Leon and the Place Between

Cahoots NI present 'Leon and the Place Between'.

Cahoots NI present 'Leon and the Place Between'.

The Family Hoffman emerged one by one – magically – from a small barrel organ perched in the middle of the stage. The purple smoke and the smell of damp earth created the perfect atmosphere for Cahoots NI's riotous adaptation of Leon and the Place Between. Part theatre, mostly circus, all spectacle, the show battled with the splashing rain in a circus tent in Belfast's Botanic Gardens.

The performance is based on the children's story book of the same name (by Angela McAllister, illustrated by Grahame Baker-Smith) which I had been lucky enough to discover by chance – or by magic – some time ago. It is one of those books whose illustrations are so rich and suggestive you can become immersed in them.

Cahoots NI relocates the story to the Hoffman Family Circus. To a rollicking cabaret soundscore (performed live), the Hoffmans are cajoled through their circus acts by the loud Madame Hoffman. Among their own impressive acrobats and boisterous circus acts, the Hoffmans are proud to present the magician Abdul Kazam. Brilliantly played by Mike Maloney with piercing blue eyes, skillful hands and a mesmerising presence, Abdul Kazam is the consummate conjuror. Some of the illusions he performs remain a complete mystery to me.

chair-balance.jpgWhen he calls for a volunteer to be vanished before our very eyes, the young boy Leon dramatically declares that he believes in magic and is transported to the 'place between' – the magical world to which magicians send white rabbits and coins and cards... and people. Having so far established everything in full colour and at high volume, the show falters here, as the place between does not capture the imagination of the book nor does it find an interesting alternative.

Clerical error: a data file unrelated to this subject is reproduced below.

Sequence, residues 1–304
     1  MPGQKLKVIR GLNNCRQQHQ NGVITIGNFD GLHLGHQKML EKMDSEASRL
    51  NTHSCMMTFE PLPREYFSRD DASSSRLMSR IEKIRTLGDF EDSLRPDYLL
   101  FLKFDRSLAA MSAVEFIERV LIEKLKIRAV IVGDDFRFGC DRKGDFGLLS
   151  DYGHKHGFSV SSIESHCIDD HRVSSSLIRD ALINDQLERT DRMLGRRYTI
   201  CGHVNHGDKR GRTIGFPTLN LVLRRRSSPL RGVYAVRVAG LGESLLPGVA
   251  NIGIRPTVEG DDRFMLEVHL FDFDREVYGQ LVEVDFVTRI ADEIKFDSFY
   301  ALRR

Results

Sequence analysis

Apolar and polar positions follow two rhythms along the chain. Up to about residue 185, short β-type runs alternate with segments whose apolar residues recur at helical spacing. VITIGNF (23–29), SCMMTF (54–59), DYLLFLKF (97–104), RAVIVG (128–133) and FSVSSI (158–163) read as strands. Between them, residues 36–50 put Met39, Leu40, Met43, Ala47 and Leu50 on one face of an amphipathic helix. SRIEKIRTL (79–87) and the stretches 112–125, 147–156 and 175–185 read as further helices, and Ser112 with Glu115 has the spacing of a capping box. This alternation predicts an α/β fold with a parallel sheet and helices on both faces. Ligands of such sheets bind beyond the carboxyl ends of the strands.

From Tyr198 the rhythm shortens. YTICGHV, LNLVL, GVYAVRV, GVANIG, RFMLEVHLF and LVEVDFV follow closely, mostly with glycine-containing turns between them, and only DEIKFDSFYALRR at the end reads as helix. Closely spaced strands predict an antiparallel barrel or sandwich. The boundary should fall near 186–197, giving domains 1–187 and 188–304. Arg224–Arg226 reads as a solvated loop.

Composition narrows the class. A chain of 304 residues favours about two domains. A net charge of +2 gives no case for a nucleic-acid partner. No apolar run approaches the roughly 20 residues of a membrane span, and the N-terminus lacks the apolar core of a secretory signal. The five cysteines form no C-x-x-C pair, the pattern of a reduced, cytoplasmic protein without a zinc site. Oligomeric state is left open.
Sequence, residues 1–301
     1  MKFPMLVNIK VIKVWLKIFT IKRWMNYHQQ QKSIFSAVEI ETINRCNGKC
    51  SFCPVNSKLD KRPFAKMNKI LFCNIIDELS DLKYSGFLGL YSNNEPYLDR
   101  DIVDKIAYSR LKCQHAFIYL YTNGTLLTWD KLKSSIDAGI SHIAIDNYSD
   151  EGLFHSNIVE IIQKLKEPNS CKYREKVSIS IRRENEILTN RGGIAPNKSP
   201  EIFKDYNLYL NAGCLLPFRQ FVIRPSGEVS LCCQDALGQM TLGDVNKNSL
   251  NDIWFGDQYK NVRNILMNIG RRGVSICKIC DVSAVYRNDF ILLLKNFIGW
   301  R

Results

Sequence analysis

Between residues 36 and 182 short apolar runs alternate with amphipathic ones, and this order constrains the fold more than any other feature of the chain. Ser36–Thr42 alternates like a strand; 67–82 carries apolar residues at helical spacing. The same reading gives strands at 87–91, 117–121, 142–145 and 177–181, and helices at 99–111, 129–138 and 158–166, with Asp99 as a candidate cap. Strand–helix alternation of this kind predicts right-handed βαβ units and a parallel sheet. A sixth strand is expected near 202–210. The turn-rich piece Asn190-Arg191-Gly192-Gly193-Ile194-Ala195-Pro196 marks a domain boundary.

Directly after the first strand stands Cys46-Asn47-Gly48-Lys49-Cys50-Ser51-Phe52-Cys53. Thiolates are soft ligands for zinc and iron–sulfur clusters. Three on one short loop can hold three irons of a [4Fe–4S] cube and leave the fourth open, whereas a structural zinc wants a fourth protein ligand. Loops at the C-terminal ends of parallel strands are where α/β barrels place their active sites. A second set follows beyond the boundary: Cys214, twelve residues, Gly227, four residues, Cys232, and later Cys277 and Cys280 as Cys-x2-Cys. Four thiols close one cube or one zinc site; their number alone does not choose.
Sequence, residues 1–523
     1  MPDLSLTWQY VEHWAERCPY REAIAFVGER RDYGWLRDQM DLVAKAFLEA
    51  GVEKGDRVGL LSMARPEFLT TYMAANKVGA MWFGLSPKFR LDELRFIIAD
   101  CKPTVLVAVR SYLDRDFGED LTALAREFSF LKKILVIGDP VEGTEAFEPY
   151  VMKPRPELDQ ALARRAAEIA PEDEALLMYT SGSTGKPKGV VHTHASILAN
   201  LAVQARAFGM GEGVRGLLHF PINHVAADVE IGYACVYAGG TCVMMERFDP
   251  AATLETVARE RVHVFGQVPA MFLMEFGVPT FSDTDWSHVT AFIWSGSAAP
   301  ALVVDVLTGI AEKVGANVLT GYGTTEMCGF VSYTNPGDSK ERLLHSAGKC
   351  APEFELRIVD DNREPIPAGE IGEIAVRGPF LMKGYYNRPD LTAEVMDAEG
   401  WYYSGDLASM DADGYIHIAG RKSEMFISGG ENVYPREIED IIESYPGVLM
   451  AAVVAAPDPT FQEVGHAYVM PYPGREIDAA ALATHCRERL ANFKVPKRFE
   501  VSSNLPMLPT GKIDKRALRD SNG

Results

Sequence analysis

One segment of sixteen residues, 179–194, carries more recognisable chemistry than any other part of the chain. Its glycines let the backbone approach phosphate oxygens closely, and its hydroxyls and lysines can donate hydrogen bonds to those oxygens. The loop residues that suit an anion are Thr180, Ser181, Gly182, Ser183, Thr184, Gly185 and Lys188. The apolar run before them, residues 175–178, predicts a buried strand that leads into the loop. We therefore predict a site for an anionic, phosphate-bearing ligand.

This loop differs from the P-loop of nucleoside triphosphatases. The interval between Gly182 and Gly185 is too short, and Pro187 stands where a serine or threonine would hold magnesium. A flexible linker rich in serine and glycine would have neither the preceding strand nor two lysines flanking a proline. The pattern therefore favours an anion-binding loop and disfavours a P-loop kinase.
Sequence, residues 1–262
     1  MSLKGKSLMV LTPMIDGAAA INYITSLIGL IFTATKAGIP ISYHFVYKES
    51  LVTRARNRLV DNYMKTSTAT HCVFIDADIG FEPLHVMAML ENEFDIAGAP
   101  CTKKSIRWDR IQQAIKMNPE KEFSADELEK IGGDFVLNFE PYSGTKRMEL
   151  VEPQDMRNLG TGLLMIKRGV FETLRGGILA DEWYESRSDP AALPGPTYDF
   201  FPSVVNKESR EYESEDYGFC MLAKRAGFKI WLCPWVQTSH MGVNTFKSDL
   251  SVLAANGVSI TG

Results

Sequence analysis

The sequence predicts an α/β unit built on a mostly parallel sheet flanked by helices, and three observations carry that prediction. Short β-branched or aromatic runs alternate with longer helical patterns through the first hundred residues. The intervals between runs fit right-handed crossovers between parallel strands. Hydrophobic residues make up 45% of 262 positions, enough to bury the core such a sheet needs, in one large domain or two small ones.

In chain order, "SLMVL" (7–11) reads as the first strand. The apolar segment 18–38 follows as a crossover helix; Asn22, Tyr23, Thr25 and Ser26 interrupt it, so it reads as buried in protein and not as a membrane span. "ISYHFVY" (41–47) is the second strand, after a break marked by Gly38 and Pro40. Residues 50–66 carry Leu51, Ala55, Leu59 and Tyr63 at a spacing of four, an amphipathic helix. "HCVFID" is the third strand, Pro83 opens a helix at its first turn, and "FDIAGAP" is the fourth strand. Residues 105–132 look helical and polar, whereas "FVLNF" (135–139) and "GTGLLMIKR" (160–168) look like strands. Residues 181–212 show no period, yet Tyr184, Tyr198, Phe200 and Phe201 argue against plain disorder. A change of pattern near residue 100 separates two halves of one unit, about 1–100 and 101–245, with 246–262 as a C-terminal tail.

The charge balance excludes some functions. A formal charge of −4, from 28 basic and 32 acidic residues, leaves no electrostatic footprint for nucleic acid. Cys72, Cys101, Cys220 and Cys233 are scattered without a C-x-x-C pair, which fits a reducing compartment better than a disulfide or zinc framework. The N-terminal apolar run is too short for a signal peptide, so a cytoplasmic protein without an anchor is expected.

Certainly, theatre is not a children's book, and the magic which is painted upon the page is quite a different beast on stage. But having succeeded so well in evoking the atmosphere and tension of the circus, and the hypnotic power of Abdul Kazam, I was disappointed by a rather weak musical number and a very pretty curtain which composed the place between. Surely Cahoots has something else to pull out of the hat?

It is in fact a relief to return to the world of the circus. The panache of a scene like the Hoffmans' 'Death Bed Tango' is where this show really excells. Leon's story, I think, needed a more sensitive hand. If played with some of the innocence and wonder of the original book, Leon's adventure could have been the calm in the eye of the storm.

Síle Ní Bhroin is Associate Director of Graffiti Theatre Company, Cork. She has worked in Ireland and the Czech Republic as a theatre maker and teacher.

  • Review
  • Theatre

Leon and the Place Between by Angela McAllister, adapted by Paul Bosco McEneaney

29 Sept - 30 Oct, 2010

Produced by Cahoots NI
In Botanic Gardens, Belfast (on tour)

Director: Paul Bosco McEneaney

Music: Ursula Burns

Choreographer: Muirne Bloomer

Set Design: Francis Morgan

Lighting Design: James McFetridge

With: Nathan Guy, Hugh Brown, Doireann Mc Kenna, Ursula Burns, Tonynho dos Santos, Christina Nelson, Timmy Hannington, Sam Murdock, Tina Segner, Ken Fanning, and Mike Moloney.